Friday, February 12, 2010

Sékouba Konaté: Guinea's ATT?

A recent inquirer asked me what I thought about the new Guinean head of state Gen. Sékouba Konaté. Gen. Konaté recently took power after previous junta leader Capt. Moussa Dadis Camara, recovering from an assassination attempt, handed it over. The somewhat unstable Dadis and his equally fanatical cabal were widely seen as an obstacle to democracy and stability in Guinea, whereas Konaté is seen as more moderate. Konaté quickly appointed a civilian prime minister (long-time opposition figure Jean-Marie Doré) as well as a key labor leader to head a body that will manage the transition.

As always, it's hard to tell what any leader's real intentions are. I'm not sure whether the general is a democrat per se. But my sense is that Konaté sees which way the wind is blowing and recognizes that the military has lost all credibility, both internally and externally, after the Sept. 28 massacre and cover up. The outraged reaction to the massacre was much broader and more powerful than anyone (including myself... I'm happy to have been wrong) ever expected. I think Konate realizes that the army's time is up and they need to get out of the way.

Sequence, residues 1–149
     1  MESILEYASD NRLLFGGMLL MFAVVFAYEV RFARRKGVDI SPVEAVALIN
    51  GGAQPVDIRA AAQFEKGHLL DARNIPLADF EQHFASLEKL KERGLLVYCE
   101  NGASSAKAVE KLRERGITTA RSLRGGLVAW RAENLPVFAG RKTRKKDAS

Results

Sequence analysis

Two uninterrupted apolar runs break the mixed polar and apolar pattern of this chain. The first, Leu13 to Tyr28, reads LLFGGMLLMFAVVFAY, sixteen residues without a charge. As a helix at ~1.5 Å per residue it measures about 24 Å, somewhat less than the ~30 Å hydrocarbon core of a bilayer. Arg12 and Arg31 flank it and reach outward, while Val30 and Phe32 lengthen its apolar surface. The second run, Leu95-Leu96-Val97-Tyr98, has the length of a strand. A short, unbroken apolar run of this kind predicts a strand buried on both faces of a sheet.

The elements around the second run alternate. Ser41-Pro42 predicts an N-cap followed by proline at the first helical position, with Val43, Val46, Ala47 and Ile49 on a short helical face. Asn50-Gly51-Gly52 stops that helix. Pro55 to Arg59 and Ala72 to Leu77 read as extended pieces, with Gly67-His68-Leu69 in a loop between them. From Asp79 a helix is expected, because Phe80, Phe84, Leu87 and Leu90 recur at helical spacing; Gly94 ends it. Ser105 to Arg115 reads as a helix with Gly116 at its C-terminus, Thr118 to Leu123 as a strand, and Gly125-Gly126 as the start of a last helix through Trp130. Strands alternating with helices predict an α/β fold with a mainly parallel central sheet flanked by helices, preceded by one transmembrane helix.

I think the bigger question is whether Konaté has enough control over the divided army to actually allow this democratic transition to take place and for the civilians to rule without intimidation. It's clear there have been fanatics loyal to Dadis Camara who don't want to give up power but it's not clear whether they will stand aside without causing chaos or worse.

In 1991 in neighboring Mali, military dictator Gen. Moussa Traoré's forces massacred hundreds of pro-democracy protesters in the capital Bamako. Revulsion to the bloodshed was so widespread that Traoré was overthrown and replaced by Gen. Amadou Toumani Touré (known colloquially as ATT). ATT convened a national conference which wrote a new constitution and organized democratic elections, to whose winners he handed over power. ATT was so widely revered for his role in Mali's democratic transition that he was later elected to the chief executive and has been civilian president since 2002. Will Gen. Konaté be Guinea's ATT? Only time will tell.

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